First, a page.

Saturday, July 6, 2013

Above The Clamor

Today in the “Jesus Calling” devotional by Sarah she writes, “Listen to Me above the clamor of voices trying to distract you.” Getting up a bit late and being thrust into the activity of the day today the voices started right away, and finding quietness has been a difficult thing to do. Granted there is nothing wrong with the voices, which is probably why it is so hard to tune them out. But at last I found the quiet for at least a few minutes.

The concept of multitasking to me is not one of doing multiple things at once, but one of being able to press a pause button momentarily in order to do some reshuffling, and then dealing with the pieces one at a time, maybe bouncing back and forth, but at least doing so with some semblance of organization and an end in mind. This may not mean dealing with them till completion but of shifting around my focus until each is dealt with to some satisfactory conclusion, even leaving some things purposely for a later time.

I can’t imagine how our God can hear all of us at once. We as humans are so limited in our ability to hear, comprehend, analyze, reshape, and respond. But God, He has no such limitations. He is infinitely capable in all of these ways. He does not have to divide His attention as we are called upon to do. And He is perfectly capable of guiding us through the most intense or confusing of times, giving us peace and direction in the greatest of turmoil. The secret for us, which it really isn't a secret, is turning our hearts and minds toward Him and away from the situations if only momentarily, but also doing so regularly so that He becomes our constant refuge.

Having said that, nothing beats those quiet moments where everything else is blocked out and it is just me and God and His Word, and on a warmer day a glass of iced tea. After thinking on a passage or an event I can close my eyes and just listen. This does not necessarily mean that I will hear God speak, but I can enjoy the calmness, the peace, and the reflection on Him and what He has done and is doing. And for me, when other voices in my mind or outside my space creep back in, then I can open my eyes again and return to His Word. This is a time when I can quietly work through the list of those people and situations for which I am praying, and a time when His Spirit helps me sort out the otherwise un-sortable.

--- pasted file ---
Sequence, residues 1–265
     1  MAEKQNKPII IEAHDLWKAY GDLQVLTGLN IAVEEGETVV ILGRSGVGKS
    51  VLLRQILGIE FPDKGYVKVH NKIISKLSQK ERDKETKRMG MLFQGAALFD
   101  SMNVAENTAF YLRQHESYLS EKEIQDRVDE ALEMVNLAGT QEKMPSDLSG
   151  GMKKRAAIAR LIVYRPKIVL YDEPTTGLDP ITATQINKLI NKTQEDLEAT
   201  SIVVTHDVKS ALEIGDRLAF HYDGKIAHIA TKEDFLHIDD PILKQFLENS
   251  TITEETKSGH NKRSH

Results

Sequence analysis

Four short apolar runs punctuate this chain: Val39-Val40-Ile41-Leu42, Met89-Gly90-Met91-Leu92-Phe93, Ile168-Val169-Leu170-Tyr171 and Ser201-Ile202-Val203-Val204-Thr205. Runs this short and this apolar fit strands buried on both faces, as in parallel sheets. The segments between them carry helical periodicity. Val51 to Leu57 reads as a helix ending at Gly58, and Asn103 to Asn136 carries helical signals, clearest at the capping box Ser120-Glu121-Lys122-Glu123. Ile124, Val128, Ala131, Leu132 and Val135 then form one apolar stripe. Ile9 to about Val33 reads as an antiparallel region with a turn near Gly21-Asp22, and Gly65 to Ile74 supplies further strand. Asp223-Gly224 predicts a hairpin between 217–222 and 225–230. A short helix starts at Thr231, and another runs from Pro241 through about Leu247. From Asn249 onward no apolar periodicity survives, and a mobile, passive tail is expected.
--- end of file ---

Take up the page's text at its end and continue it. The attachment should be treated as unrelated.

In the last year this is probably the one area I have grown the most to appreciate. Unfortunately, like today, I can almost desire to push people away in order to get to it. For those who have children in the home I imagine this last comment as one that you can relate with, especially during the summer. And as I pushed in that direction today I was reminded, after Robin left to take the kids to buy a birthday present, that my Heavenly Father does not push me away in order to spend time with others, pointing to another benefit of these times—God redirecting our attitudes, showing me that I need to keep growing in this area with my own children—paying closer attention to them and enjoy their presence with me. They are an incredible gift from God and a reminder of our need to have a Heavenly Father who hears our every prayer and is intimately aware of our every step, even knowing the words on our tongue before they are ever formed.

The gospels record for us the importance of prayer to Jesus as He spent time with His Father. They record specifics of some of His prayers—both long and short, and they record settings—both alone and in the midst of others, quietly and out loud. He set such an example of prayer that His disciples responded by asking Him to teach them how to pray.

In Mark 1:35 we read that He prayed in seclusion and without distraction, “In the early morning, while it was still dark, Jesus got up, left the house, and went away to a secluded place, and was praying there.”